Poetry from Web Del Sol

The Poetry of Joan Houlihan, Part 1

I Sing to You, Offering Human Sound

Come here. Let me finger your hair.
I like the way you imitate weather:
a white breath here and there
the rush and sting of pinkened air
a coven of crows talking briefly of home
and then the pelted tree.
By these shall I know ye,
bless yer little round mug.

Oh, my semi-precious, so much slow time
so much crawling and browsing
so much fascination with harmful insects
and corrosive sublimate.
As if you have as many eyes
as many eyes as the common fly,
and every one stuck open wide
to the wonderful, wonderful world.

So, I get up at 4 am, finally, to put on some tea—
a soothing explanation for steam.
Children grow into themselves, then away.
We musn’t worry when they’re gone—
or worse, not-quite-gone-yet.
The roots of things connect
where we can’t see.

When I was born, Mother began counting
to herself. Something in the middle
must have gone missing.
Fortunately, I have all my faculties.
In fact, I still remember to turn
every small thing until it gleams:
like your favorite airplane pin

there, riding on its own cotton wad.
Now come here so I can see
through your eyes to the sky within.
You are my only animal—
my animal of air.

Stark, North of Gainsboro

His body follows its shrunken pattern
and specification: he is placed in the final chair;
he is clapped with heat along the landscape
of his skin. Each carpal of his wrist
quickly cracks to tinder-sticks.

All that we can do, is done:
the strapping and jolting, the ceremonial
drubbing; even mummery and finger-play
behind his volted head. We hose him
as we would a tree, wrinkled and run deep

with char. The body, pinned and porous, shivers,
briefly sways, as if a damaged wall is lightly pushed.
Empty-handed and incarnate, he is taken like a pet
and carried with his head cupped from behind.
Look on him. He is always ours, and cold.


I make a little mother out of mud, sticks
and a bit of gauze. Once formed and dried,
she’s bound to disappear: powder to my fingers.
All my plaster saints go down that way.
Wormwood. Gall. Holes of age.

Not that it matters, but
I once saw Mars through a telescope:
pockmarked, awash in gas, but distant enough
to have dignity. All this farawayness has to stop.
So much homesickness, but so little home

and so many notions they call tradition.
Knife, fork, whip of potatoes—all the womanly arts,
are not so much lost, as far, as spilled
as if moved from the table too fast—
salt from a lidless box. And the one candle

I molded and set on the mantle had to be lit.
To enjoy the burning, mother said.
Because something holy was happening then,
and all was made to be blown away—burn of cry,
steam of want—expelled like a mouthful of air.

To Celebrate the Empty Tomb

We convene here, listen to Uncle B
in his backward-pointing baseball cap
lit with stories, muttering of loss—
a low and meaningless animal sound
we take for talk.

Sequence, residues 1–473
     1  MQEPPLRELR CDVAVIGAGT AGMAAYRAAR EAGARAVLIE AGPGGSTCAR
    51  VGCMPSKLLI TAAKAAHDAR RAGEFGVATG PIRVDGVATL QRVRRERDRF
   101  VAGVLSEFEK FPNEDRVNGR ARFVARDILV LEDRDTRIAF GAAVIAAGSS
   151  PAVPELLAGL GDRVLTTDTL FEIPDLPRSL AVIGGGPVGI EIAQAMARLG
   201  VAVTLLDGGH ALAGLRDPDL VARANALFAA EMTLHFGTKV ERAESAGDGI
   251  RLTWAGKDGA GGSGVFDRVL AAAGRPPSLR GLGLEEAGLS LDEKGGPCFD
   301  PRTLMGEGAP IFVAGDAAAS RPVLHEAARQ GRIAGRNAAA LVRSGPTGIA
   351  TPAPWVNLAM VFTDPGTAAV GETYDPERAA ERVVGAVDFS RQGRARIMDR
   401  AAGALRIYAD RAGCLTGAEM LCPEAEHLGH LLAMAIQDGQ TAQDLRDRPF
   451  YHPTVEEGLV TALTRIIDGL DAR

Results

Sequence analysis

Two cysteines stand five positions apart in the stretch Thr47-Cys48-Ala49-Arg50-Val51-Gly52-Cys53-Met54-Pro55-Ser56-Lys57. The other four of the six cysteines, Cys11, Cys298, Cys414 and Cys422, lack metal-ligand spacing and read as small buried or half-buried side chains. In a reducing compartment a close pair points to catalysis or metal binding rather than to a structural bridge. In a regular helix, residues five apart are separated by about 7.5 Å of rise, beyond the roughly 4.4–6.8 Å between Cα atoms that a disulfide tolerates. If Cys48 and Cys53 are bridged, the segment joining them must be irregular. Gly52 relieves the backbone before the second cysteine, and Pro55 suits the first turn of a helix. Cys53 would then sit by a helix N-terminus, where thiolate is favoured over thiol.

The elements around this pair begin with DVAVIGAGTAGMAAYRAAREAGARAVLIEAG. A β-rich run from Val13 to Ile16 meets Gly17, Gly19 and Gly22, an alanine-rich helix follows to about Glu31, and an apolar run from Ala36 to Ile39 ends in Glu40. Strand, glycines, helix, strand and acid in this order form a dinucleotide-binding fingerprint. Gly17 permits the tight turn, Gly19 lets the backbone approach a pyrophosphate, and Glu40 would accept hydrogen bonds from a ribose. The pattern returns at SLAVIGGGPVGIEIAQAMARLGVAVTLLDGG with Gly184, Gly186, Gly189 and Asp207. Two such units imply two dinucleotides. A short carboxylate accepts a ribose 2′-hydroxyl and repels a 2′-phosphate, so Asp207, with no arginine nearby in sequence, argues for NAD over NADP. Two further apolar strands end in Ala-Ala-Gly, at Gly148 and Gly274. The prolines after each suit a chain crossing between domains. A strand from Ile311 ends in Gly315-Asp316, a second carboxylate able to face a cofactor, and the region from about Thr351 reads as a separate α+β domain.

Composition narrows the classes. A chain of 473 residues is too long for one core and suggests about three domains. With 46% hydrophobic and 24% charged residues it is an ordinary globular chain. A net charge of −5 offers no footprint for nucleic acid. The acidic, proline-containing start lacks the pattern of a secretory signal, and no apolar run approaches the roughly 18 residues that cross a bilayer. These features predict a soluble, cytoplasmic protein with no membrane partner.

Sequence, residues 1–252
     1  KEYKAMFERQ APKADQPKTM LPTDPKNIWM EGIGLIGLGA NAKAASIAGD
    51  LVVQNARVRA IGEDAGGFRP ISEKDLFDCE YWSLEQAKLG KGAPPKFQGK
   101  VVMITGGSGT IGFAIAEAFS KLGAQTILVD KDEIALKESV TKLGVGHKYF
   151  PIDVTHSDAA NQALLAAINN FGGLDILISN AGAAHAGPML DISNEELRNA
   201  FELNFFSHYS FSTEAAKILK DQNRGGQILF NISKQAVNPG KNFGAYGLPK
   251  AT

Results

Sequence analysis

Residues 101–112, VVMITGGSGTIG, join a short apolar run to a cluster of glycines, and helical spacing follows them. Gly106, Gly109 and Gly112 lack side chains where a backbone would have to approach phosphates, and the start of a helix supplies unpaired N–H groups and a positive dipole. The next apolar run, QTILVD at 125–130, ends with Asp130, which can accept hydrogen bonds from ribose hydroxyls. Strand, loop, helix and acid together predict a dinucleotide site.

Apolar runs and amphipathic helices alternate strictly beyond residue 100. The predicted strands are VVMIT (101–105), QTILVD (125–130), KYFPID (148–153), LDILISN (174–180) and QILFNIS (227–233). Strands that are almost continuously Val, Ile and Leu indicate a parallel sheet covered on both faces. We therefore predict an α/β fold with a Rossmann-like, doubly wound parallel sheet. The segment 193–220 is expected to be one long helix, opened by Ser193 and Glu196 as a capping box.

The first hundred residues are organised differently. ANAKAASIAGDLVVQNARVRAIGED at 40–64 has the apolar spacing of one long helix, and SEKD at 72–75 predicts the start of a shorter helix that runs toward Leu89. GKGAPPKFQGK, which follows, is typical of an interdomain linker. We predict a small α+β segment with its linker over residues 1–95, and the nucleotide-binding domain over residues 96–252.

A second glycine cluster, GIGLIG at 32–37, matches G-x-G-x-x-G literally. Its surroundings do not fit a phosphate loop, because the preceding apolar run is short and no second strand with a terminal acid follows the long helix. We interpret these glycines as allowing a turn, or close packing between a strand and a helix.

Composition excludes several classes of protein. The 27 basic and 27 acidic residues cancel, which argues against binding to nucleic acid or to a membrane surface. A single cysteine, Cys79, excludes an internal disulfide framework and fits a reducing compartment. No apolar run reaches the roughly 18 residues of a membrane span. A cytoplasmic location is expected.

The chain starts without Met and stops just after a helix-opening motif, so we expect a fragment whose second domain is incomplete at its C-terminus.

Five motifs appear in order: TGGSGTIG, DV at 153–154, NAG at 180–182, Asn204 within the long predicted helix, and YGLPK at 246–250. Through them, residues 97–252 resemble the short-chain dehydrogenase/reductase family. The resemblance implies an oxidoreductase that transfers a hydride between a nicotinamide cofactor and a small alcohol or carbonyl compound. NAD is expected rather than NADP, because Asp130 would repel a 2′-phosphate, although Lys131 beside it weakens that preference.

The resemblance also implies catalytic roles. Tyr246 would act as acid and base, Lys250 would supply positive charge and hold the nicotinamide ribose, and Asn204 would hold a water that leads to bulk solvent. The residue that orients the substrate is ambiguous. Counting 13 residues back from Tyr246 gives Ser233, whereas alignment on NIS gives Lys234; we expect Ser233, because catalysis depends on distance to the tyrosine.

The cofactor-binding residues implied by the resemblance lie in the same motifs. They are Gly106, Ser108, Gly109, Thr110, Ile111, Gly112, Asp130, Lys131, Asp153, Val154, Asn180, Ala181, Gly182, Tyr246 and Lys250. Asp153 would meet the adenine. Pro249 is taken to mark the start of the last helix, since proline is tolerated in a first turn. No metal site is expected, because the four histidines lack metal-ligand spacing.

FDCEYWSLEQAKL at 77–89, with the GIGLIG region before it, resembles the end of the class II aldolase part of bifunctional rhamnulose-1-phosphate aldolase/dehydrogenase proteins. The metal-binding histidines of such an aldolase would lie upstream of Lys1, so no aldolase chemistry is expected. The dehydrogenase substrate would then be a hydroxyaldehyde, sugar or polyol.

This Easter we’ve put it all behind us
and, spoon-fed with the whipped
milk of childhood, we revel in
what is gone: the rock of the undiscussed.

Mother’s cataract and Father’s altered
look give us nothing to say is wrong.
We lean into this—
where the rock was struck
and the air inside was stopped;

where unhinged stems root
and flower—
because that which was unknown,
is not; and that which cannot,
must rise and walk.

          First published in Caffeine Destiny

Nothing Else But You Will Do

With your trail of powders and devil shoes,
with a mill for hard and a bowl for spills
you’re everybody’s glamour rage
you’re doom on a cracker with a dark red brew.

Crooked and flamed, broken-mother
chained, with bad and uncertified stare,
you were never chinked up in a family fence
you were free—something wrong

and against. Now you’re everybody’s
take-me-home, black cuffs and fine
wreck of silks. You make us feel
we’ve been swabbed down, needing

a borrow of light. You’re everybody’s
air and spark. Nothing else but a lightning
bite. You’ve got wit, grit, and a tail to be lit—
the blade, the heel, and the screw.

Nothing else but you will do.
Not Little Sir Charm and his Finger Box.
Not Mistress Up-to-the-Sky.
Not Papa Spew and his Bundle of Blue.

You got everything and more
and we want to be like you—
in this hatched-out drone of our insect hour;
in this cruel box of our days.

          First published in Fine Madness

Surgeon Speaking

Lie down. I am hand and finger
to you, intent in my medium,
fluent in what flourished before
guided by the noise of trapped being.

I was yours at birth, privy to your washings
and waste. Words spoken by us
are lysis and ligature. What matters
is the gash, the possible rush

between us. How to conduct the bleeding?
Bent to you, I provide from my fingers
something small and mammal,
parted from one discarded.

Ten hours of us and we are wed.
Mumbling of vein, I finish you,
who will emerge new-made, doll-sewn.
The furthest thing from my mind.

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